From panic attacks leading to multiple visits to A&E to jumping off the tube because I can’t ‘breathe’, I find the subtler ways anxiety affects my life to be more powerful. Yesterday was World Mental Health Day and whilst there’s plethora of information out there on days like that, it can also be very triggering. Triggering because you are reminded quite heavily how devastating mental health issues can be.
I haven’t slept very well in the last few weeks. That feeling of being suffocated wakes me up at least six times a night which generally makes me anxious about bed time. I am very happy to report however that general day to day living has been much more pleasurable and I think the following have helped with feelings of anxiety:
Changing my routine
I changed my route home! Now whilst that might seem like quite a trivial thing it has made a word of difference. I’ve started taking the bus home more often. I found even things like the possibility of missing my train home quite distressing and I have a suspicion a lot of people can relate to this. Palms get sweaty, heart’s racing, will I make this train? It was getting ridiculous. Changing my route/scenery has helped massively and maybe could help you too? Sitting on the bus means I don’t have to battle angry Londoners for a seat as the buses are generally less busy at that time of day and I can pop my ear phones in and listen to a podcast or two!
Removing stressful people from my life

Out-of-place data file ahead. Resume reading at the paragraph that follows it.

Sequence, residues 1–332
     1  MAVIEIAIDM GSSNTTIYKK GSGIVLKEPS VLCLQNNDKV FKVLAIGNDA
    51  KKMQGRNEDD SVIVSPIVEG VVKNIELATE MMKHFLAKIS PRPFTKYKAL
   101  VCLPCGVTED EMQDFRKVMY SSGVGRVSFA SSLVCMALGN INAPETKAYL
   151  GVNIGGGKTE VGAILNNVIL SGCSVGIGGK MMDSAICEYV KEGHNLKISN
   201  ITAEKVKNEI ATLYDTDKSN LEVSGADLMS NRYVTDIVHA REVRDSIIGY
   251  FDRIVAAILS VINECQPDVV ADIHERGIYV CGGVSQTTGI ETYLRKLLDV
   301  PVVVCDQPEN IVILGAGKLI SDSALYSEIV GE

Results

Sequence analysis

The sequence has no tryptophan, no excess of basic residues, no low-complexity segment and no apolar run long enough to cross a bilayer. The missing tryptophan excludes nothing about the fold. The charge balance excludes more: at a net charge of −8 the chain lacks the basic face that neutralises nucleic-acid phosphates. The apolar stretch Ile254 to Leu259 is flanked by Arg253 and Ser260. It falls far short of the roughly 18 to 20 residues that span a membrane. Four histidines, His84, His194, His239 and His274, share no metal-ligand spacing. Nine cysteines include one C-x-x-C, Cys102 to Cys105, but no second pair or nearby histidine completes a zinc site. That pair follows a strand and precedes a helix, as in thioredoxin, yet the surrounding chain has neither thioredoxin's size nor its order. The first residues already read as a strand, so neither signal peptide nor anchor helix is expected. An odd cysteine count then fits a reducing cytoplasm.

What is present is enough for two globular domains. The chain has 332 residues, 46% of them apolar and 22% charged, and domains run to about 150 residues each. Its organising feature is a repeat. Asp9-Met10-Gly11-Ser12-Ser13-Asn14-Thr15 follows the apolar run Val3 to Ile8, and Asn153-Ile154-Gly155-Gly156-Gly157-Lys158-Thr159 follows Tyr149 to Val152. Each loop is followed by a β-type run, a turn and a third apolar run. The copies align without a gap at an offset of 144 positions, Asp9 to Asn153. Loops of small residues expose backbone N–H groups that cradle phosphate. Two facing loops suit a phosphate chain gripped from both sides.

Never easy but necessary, and by removing I don’t mean completely (even though that could sometimes be the way forward). Now whilst I’ve often been aware of what my stress triggers are I haven’t always been good at finding a more sustainable solution to keeping said triggers at bay. I’ve decided that if certain people contribute to my mental instability then they get the chop! Nobody is worth the turmoil. It is of course difficult when family cause you stress but even then being conscious of the role that they play in making you feel mentally drained is a start. I’ve stopped saying yes to every invitation and being more open to accept that it’s okay to be selfish. Repeat after me, it is okay to be selfish.
Separating FOOD and GUILT
I feel like on days when I’m overwhelmed and stressed out I’m only one oreo away from a binge, which then leads me to feeling more stressed out. Anxiety around food for me is one of my biggest triggers and can turn a bad day into a bad month. I start to guilt trip myself about not being ‘healthy’ enough, I beat myself up over missing and gym session and then ultimately eat junk food I don’t even want. I’m slowly learning that I’m not a failure if I’m not living my ‘healthiest’ life possible. I’m slowly eliminating the guilt I feel when I spend a lot of money on food- even if it’s some overpriced smoothie! Fried plantain on a Tuesday? I’m in. If obsessing over calories and reps is going to be damaging to my mental health then I want no parts of it.
Doing shit I like
I love a good spin class. I love exercise when I’m not using it as ‘punishment’ or holding it over my head to guilt trip myself. I love a Vapianos pasta and a chin wag with my best friends, I love putting my face on and making sultry poses on snapchat. Basically, I’m doing all the seemingly banal things that make me happy. The shit you love- do it.
It can be extremely hard to remember what makes you happy when you are in the throes of anxiety.
On days when I’m really going through it I can barely get out of bed, I can’t be bothered to put eye liner on, I find the walk from my house to the train station tedious and impossible. I’m finding that even incorporating just one thing that makes me happy a small step to ‘feeling like myself again’.
I don’t know that anyone is ever ‘cured’ of a mental illness and with all of us experiencing moments of intense mental unwellness at some point in life it is important to talk about it. It is important to not feel silly about opening up about not having it all together.
You are human.